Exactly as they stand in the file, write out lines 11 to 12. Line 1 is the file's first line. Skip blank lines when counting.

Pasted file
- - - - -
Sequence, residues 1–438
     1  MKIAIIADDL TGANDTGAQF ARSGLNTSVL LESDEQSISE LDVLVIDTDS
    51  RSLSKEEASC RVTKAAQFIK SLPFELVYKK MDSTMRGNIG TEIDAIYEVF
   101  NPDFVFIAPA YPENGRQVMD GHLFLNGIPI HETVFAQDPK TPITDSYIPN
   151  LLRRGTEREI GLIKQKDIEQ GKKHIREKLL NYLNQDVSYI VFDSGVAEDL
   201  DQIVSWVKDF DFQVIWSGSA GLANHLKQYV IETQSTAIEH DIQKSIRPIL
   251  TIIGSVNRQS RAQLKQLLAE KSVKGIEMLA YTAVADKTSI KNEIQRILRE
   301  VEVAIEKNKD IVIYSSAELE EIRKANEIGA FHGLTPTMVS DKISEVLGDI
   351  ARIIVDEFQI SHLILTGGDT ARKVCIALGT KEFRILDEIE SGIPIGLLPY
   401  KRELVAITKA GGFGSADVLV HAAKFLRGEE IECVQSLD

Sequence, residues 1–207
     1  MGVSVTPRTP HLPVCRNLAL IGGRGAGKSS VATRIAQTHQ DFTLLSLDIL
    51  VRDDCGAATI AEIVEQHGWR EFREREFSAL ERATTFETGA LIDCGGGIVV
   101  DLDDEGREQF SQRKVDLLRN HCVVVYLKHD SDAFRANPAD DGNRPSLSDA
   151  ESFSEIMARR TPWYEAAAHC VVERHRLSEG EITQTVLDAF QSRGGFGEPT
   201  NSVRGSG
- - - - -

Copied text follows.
Sequence, residues 1–207
     1  MGVSVTPRTP HLPVCRNLAL IGGRGAGKSS VATRIAQTHQ DFTLLSLDIL